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Samphire, a vegetable with healing power

  1. In the past, samphire ash was used to make soap. If you burn samphire, you are essentially left with soda. In many African countries they still put soda made from ashes into the food. In the Netherlands, soda from plant ash was used to bleach linen. It was also used in the glassworks; samphire ash increases the melting point of glass. Today samphire is a tasty, healthy, wild sea vegetable.


  1. Salty vegetables Eat samphire Naming samphire Ingredients samphire Samphire against diabetes Samphire, good for immune system Salicornia fights cancer Tonic for the liver Samphire eating tips

Salty vegetables

  1. Samphire is a salty vegetable. It can grow both under and above sea water. It grows on beaches, so-called salt marshes and in mangrove forests. This delicacy is naturally found in Europe and North America. You can eat samphire when it is blanched and you can eat it raw. There are different types of samphire. The following species can be found in the Netherlands and Belgium:

Eating samphire

  1. Short-haired samphire is the most commonly eaten. It is great to blanch, steam and stir-fry, but can also be used raw in a salad. In Germany, short-haired samphire is inlaid in salt vinegar. In the past, this happened more often than now. You can eat warm samphire with a knob of butter. You can use olive oil instead of butter. The thick stalk is first peeled before eating. Nicholas Culpeper said in the 17th century that samphire is good to drink as a juice; it stimulates the liver and spleen. Scientific research confirms this view.

Naming samphire

  1. The scientific, Latin name of short-haired samphire is Salicornia europaea. In Dutch he has nicknames for cockpaw, crabburn, crabburn, sea crab, knotted potash, long saltwort and articulated samphire. In German it is called Meeresspargel, which means sea asparagus and is called Glasschmelz, after its ability to increase the melting point of glass. In English, the common name of samphire is still glasswort, which means glasswort. By the way, glasswort is a different plant in Dutch.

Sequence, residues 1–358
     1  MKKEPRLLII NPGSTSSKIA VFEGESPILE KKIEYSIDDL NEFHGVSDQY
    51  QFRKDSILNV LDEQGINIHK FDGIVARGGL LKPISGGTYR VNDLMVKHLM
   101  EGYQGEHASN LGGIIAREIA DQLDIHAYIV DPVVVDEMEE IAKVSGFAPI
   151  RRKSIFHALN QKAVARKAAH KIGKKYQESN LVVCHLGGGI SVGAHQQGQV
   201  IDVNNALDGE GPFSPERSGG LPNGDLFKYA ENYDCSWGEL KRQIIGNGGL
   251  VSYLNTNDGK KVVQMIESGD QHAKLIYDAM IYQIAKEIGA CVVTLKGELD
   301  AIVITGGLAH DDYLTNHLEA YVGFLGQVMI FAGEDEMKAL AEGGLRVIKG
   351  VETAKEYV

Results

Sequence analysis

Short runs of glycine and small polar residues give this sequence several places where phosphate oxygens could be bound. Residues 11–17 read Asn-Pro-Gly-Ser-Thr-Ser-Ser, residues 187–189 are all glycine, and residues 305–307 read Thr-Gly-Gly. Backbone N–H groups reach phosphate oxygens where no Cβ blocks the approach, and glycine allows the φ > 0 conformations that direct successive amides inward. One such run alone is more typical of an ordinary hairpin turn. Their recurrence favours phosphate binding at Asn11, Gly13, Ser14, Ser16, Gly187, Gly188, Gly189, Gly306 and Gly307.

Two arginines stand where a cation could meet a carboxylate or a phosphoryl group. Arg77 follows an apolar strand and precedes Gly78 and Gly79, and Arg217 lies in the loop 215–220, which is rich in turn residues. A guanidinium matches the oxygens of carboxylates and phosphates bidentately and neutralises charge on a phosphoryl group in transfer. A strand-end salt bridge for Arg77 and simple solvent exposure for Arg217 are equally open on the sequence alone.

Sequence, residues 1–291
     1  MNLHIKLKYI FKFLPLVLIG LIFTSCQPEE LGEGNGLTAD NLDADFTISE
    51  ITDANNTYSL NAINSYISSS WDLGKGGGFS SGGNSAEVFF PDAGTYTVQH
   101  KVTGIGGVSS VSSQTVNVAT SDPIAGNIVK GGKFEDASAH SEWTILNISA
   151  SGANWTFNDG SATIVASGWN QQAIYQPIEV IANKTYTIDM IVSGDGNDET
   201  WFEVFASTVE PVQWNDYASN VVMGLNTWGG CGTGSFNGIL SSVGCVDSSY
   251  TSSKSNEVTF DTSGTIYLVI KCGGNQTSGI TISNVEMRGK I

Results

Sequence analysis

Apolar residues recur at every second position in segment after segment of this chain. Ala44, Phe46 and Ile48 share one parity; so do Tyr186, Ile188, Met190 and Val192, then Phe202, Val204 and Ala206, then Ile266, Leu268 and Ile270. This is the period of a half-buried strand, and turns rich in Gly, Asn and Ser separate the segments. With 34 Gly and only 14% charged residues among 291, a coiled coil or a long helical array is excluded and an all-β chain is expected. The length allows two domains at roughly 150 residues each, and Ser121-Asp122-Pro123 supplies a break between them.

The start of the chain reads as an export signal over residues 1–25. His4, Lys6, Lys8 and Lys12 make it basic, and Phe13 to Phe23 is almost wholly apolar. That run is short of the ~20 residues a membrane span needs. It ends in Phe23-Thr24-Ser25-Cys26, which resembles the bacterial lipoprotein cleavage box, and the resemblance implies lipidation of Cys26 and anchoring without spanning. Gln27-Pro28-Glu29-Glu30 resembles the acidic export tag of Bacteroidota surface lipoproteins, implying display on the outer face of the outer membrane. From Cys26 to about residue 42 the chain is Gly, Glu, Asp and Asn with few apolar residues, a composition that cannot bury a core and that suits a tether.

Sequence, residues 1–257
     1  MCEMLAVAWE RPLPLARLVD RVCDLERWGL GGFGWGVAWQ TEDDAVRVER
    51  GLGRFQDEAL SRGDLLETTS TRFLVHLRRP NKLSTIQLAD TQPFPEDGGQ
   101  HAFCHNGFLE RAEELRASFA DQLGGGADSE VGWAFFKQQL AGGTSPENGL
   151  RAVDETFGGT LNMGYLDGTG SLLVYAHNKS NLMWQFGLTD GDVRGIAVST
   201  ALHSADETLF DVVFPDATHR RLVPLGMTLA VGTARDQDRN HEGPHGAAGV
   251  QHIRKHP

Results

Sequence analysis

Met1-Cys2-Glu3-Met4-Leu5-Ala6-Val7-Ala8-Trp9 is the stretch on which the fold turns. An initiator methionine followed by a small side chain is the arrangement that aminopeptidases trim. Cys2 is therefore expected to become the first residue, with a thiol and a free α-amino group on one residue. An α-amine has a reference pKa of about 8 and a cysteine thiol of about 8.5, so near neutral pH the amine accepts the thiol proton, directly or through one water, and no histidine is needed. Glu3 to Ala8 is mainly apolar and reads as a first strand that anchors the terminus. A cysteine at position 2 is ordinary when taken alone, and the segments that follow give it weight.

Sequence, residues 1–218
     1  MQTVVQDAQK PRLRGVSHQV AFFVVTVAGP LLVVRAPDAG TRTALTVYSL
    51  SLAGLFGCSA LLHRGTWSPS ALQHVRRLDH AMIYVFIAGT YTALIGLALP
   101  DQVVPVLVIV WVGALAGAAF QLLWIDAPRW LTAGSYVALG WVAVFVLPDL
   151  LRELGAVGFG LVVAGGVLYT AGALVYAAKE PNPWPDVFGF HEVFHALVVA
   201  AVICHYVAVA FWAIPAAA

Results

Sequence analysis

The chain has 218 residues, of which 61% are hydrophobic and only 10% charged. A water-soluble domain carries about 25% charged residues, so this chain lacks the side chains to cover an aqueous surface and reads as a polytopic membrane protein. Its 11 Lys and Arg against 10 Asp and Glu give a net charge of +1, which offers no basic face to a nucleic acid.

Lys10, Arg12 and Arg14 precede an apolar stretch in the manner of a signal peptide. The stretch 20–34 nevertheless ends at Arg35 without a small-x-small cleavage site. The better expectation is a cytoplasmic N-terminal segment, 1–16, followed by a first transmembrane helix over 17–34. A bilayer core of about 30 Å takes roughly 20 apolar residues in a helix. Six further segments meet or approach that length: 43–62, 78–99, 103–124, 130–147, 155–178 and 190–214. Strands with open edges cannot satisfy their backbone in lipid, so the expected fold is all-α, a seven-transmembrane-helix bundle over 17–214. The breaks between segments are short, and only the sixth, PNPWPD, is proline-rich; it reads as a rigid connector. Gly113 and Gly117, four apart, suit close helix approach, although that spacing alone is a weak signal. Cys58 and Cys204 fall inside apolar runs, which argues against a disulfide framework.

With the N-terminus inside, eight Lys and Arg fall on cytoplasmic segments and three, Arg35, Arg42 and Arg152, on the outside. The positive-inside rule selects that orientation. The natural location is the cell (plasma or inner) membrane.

Ingredients samphire

  1. Salicornia contains a lot of sodium, potassium, magnesium, sulfur, calcium, phosphorus, iron, zinc, manganese, iodine and copper. It is logical that sea vegetables contain many sea minerals. Especially iodine is very much in samphire. This natural iodine is much healthier than synthetic iodine, which is often added in salt. Due to the high mineral content, you do not have to add salt to the cooking or blanching water. There are also three main flavonoid glycosides in samphire: isorhamnetin 3-capital O, cyrillide-beta-d-glucoside and quercetin 3-O-beta-d-glucoside. These three substances have been proven in a 2008 Korean study to prevent and fight cancer. There are many vitamins from the B complex in samphire and it contains good amounts of vitamins A and C.

Samphire against diabetes

  1. Samphire can reduce the risk of diabetes mellitus or diabetes, according to a study published in 2006 in the online medical journal Springer link. In addition, it may also reduce the risk of hyperlipedemia and hyperglycemia. In other words, it lowers blood sugar. This is partly because it stimulates the pancreas in its functioning. In addition, according to a Korean study from 2008, samphire prevents liver damage in diabetics. It stimulates enzymes that promote liver function. The researchers see samphire as a good addition to a diet that is aimed at keeping diabetes under control. Another 2008 Korean study found that blood sugar and weight decreased in rats who had diabetes. Another Korean study from 2008 showed that especially the polysaccharides in samphire have an anti-diabetic effect.

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